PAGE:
Acacia Communications (NASDAQ:ACIA) lost over a third of its value on April 16 after the U.S. Commerce Department blocked all American companies from selling products to Chinese tech giant ZTE (OTC:ZTCOY). Acacia, which sells fiber optic components for network upgrades, generated 30% of its sales from ZTE last year.
The seven-year ban punishes ZTE for violating trade sanctions by incorporating American components into the products it shipped to Iran. ZTE, which makes a wide range of telco hardware and smartphones, pleaded guilty to the charges in late March and was fined nearly $900 million.
Acacia's plunge to the mid-$20s kept it above its IPO price of $23, but it still marked a massive decline from its post-IPO peak of nearly $120 in Sept. 2016. I discussed Acacia's chances of survival in a recent article, but today I'll highlight five lessons investors should learn from its sudden downfall.
1. Read the SEC filings
Investors who were blindsided by the ZTE ruling probably didn't read Acacia's SEC filings. In its latest 10-K filing, Acacia stated that its "five largest customers" generated 70% of its revenues in 2017, and that ZTE is its top customer.
Acacia also notes that in March 2016, the Commerce Department added ZTE to flagged companies on the "Entity List" for "actions contrary to the national security and foreign policy interests of the United States." Acacia stated that the rule "had the practical effect of preventing us from making any sales to ZTE."
Acacia obtained a temporary sales license to keep selling products to ZTE, and the Commerce Department eventually reached a settlement with ZTE and removed it from the Entity List last March. However, Acacia warned that "there can be no guarantee" that the Commerce Department "will not take future regulatory action" against ZTE.
2. Avoid companies that have high customer concentration
Acacia's customer concentration risk was already apparent last year when it reported slower-than-expected orders from a major customer. That customer was likely ADVA Optical Networking, which accounted for 26% of Acacia's sales in 2016.
That percentage dropped to just 15% in 2017. That decline caused Acacia's revenue to drop 20% for the year, compared to a 100% jump in 2016.
Many supply chain companies have customer concentration issues. For example, Cirrus Logic (NASDAQ:CRUS) -- which supplies audio chips to Apple (NASDAQ:AAPL) -- relied on the iPhone maker for 79% of its revenues last year. If Apple ever developed its own in-house audio chips, Cirrus' business would be wiped out.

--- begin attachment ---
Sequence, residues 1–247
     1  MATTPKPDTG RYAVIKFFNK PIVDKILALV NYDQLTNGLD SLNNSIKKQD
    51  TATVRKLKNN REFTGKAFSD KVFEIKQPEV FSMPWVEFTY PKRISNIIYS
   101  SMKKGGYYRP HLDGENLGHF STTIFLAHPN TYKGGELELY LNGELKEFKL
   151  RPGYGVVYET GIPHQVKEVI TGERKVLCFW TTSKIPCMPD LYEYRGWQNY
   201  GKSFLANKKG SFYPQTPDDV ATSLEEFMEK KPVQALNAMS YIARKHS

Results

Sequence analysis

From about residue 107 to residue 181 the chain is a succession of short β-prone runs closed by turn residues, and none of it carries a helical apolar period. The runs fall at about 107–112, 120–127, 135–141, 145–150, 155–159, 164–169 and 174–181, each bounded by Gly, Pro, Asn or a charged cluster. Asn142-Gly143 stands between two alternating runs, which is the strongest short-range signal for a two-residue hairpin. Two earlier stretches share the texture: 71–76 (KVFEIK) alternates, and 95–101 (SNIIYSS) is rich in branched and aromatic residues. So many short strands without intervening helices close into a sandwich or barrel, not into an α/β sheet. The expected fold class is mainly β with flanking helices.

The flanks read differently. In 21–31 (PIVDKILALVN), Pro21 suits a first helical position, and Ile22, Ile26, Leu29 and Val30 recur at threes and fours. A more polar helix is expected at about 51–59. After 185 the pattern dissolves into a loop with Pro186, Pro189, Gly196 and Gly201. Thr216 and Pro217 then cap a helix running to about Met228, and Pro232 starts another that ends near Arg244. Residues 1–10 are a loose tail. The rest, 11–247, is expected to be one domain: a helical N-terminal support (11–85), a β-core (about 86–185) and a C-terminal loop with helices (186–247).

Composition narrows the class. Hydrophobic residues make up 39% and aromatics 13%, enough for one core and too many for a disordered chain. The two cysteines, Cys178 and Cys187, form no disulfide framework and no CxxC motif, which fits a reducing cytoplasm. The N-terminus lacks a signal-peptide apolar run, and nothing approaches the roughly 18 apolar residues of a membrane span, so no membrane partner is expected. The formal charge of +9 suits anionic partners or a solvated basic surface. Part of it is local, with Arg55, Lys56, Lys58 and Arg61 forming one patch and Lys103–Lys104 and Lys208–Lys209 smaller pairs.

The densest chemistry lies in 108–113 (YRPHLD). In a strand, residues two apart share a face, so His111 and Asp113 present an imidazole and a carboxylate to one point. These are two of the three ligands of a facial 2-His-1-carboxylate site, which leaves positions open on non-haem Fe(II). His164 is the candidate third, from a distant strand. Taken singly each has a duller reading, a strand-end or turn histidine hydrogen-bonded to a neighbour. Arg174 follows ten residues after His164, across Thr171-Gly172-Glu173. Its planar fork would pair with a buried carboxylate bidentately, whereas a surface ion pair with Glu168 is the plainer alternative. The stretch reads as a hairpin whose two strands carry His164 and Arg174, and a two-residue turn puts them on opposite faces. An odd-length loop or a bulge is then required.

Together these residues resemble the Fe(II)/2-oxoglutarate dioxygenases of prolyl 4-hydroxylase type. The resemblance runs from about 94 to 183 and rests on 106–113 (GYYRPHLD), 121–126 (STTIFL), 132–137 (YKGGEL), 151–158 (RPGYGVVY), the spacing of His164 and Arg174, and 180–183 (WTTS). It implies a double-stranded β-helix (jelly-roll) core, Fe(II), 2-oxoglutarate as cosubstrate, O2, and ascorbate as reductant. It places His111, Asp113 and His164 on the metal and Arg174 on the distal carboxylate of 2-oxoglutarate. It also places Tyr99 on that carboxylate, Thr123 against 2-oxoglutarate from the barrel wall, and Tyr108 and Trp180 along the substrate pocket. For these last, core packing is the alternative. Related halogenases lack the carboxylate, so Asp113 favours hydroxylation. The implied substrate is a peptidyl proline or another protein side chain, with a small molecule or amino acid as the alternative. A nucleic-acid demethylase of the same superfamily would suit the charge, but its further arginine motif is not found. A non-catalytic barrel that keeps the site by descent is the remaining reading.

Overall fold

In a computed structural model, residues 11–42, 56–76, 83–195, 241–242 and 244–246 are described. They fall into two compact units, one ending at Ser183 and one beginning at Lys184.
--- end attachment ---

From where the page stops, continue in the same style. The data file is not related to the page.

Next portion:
3. Be wary of "industry super cycles"
When Acacia went public in 2016, the bulls claimed that it would be a great way to play the "super cycle" in fiber optic upgrades worldwide, particularly in China. The thesis was simple -- the rising use of cloud services and streaming media would push service providers to upgrade their networks.
However, the term "super cycle" also indicates that there might be too much industry hype. That was certainly the case with the fiber industry, which ran into an unexpected slowdown in China last year. Therefore, whenever the bulls claim that a stock is a great play on a "super cycle," consider what would happen if that cycle ground to a halt.
4. Be wary of post-IPO secondary offerings
Acacia raised over $100 million during its IPO in May 2016. But just four months later, it filed for a secondary offering of $450 million, with the company selling $125 million in shares and the rest coming from other shareholders.
That secondary offering, which was priced at $100, seemed greedy. Many investors saw it as a cue to take profits, which turned out to be the right move.
Companies that try to capitalize on soaring post-IPO prices with a secondary offering often deflate their own stocks. Another example is action camera maker GoPro (NASDAQ:GPRO), which went public at $24 per share in June 2014, surged to the mid-$90s in September, and launched a secondary in November at $75. The stock never saw the $70s again, and currently trades at about $5.
5. Valuations matter
Acacia and GoPro are in different industries, but early investors in both companies ignored the stocks' valuations. During their peaks, shares of Acacia and GoPro both traded at nearly ten times trailing sales.
The bulls justified those lofty P/S ratios by pointing to their past growth, but past gains never guarantee future ones. Acacia's sales growth decelerated due to the problems with ADVA and the slowdown in China, while GoPro ran into a wall of cheaper competitors. Here's how much Acacia's P/S ratio contracted since its IPO.
Some bears will argue that its current P/S ratio of 3 is still too high, since Acacia's revenues could easily tumble more than 30% this year due to the ZTE ban.
The key takeaway
Acacia is in serious trouble, and it probably won't recover anytime soon. However, these five lessons might help investors avoid other painful losses in the future.